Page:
In particular, crypto communities have grown and evolved in various new and exciting ways, with Twitter serving as a dominant space for discourse, followed by Reddit and, more recently, Clubhouse. Discord and Telegram have mainly served as community management tools and outlets for project-specific conversations.
The common denominator? None of these platforms really abide by the crypto principles of decentralization, privacy and user rights. A redesign of social media and community spaces in line with core crypto principles seems inevitable, not just for a safer medium of expression but also for an elevated economic ecosystem focused on thriving.
Decentralized social networks and communities provide a higher level of control and autonomy for members than centralized ones. There are also federated decentralized social networks and communities. The principle of interaction between users is significantly different.
For example, Twitter allows users to post and receive messages only to those with Twitter accounts (for example, Twitter users cannot post to Facebook accounts due to the lack of cross-platform). Federated decentralized social networks and communities allow users to communicate independently of the network and community. This is the main difference between decentralized social networks and centralized social networks like Facebook and Twitter.
The SEC remained mostly silent during the ICO boom but then flooded alt-coin founders with a tsunami of subpoenas beginning in 2018. To be sure, some ICOs were scams and deserved prosecution, but others were and are legitimate companies building out viable networks and providing value to purchasers and consumers.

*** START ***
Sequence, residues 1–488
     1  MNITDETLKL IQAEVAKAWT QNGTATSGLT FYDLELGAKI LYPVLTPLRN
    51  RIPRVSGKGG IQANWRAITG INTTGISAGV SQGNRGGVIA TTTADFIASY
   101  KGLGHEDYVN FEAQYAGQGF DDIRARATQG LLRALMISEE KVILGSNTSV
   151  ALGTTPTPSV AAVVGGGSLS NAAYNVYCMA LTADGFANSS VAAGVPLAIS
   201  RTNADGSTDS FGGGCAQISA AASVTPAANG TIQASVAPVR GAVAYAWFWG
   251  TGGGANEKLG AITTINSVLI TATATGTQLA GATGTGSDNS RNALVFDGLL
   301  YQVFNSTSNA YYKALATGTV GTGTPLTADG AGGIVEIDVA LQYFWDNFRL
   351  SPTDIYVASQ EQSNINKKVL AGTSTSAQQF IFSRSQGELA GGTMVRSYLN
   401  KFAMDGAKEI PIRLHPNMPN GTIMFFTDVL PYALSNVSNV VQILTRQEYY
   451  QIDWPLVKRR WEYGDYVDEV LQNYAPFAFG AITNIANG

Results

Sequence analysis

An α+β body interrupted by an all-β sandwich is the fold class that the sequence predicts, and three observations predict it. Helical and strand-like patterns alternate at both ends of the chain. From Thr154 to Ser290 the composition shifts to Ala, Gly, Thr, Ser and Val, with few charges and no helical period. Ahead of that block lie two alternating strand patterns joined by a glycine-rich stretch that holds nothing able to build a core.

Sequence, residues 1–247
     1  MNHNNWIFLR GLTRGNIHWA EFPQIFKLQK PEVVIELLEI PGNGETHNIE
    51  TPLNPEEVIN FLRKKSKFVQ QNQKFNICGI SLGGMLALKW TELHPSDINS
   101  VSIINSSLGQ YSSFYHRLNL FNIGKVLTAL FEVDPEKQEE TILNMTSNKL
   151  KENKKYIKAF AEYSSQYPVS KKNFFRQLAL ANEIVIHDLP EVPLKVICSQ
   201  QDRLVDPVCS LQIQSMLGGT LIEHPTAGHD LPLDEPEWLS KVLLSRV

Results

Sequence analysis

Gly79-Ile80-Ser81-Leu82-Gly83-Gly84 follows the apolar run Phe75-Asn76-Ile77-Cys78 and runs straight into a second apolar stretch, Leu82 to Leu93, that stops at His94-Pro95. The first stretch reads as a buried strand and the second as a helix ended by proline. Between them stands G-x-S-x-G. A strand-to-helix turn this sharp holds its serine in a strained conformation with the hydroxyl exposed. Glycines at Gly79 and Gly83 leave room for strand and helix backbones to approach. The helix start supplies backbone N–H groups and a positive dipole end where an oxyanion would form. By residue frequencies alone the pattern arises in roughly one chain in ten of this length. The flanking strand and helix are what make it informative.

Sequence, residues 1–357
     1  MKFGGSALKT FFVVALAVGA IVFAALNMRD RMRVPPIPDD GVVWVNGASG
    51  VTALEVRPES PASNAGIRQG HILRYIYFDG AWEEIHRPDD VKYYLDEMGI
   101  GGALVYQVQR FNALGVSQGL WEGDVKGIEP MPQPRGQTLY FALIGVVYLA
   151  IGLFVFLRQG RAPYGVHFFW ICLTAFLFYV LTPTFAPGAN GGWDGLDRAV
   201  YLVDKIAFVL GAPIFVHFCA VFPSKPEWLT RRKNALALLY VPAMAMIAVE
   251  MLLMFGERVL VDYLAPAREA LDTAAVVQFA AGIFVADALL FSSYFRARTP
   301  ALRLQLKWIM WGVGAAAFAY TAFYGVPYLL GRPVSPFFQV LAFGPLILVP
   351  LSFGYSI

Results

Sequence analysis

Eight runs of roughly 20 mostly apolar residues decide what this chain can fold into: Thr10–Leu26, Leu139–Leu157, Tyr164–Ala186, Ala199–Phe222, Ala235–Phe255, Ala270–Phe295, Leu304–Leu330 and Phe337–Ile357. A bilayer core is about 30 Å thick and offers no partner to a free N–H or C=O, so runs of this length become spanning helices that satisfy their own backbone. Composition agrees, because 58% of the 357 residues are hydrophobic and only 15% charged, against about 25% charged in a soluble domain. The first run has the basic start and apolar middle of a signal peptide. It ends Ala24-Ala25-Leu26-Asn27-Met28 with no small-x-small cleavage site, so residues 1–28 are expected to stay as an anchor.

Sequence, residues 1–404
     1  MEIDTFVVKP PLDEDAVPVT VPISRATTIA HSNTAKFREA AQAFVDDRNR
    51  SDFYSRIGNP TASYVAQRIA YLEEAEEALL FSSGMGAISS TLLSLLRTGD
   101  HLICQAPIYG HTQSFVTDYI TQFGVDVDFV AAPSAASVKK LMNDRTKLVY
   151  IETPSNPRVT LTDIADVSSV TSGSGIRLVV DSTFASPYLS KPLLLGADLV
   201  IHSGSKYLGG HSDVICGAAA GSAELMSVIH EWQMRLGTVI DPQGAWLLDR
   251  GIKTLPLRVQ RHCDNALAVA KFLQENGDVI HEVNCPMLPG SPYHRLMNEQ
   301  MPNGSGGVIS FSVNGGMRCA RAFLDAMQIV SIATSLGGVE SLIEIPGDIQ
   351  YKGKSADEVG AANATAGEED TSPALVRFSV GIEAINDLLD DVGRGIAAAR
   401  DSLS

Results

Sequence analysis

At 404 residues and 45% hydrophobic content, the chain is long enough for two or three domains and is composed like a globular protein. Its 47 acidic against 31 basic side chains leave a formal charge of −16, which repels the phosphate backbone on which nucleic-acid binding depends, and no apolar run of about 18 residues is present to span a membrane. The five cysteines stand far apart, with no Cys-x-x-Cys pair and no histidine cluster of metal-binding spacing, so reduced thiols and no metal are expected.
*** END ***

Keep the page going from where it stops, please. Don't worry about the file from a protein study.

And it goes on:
LBRY, Inc. is one such company. It promotes an “open, free, and fair network for digital content” and boasts 10 million users. Someday it could rival YouTube, Amazon, and other video content providers. But first it risks bankruptcy in a legal fight with the government for violations that lack victims.
Hackers were reportedly sharing a massive amount of personal Facebook data in January, and now that data appears to have escaped into the wild. According to Business Insider, security researcher Alon Gal has discovered that a user on a hacking forum has made the entire dataset public, exposing details for about 533 million Facebook members. The data includes phone numbers, birth dates, email addresses and locations, among other revealing info.
ROBERT STEELE: I value Ben Fulford, whose decades of work as a financial and political journalist with a focus on Deep State and Asia are unmatched by anyone I know. Subscribe to him here. Today’s report is quite good. Below is a graphic from that report.
Our Web 3.0 working group has a more nuanced and comprehensive plan than the above, but the above is useful as a public perception device — it is easier to shut BigTech down and migrate than most people imagine.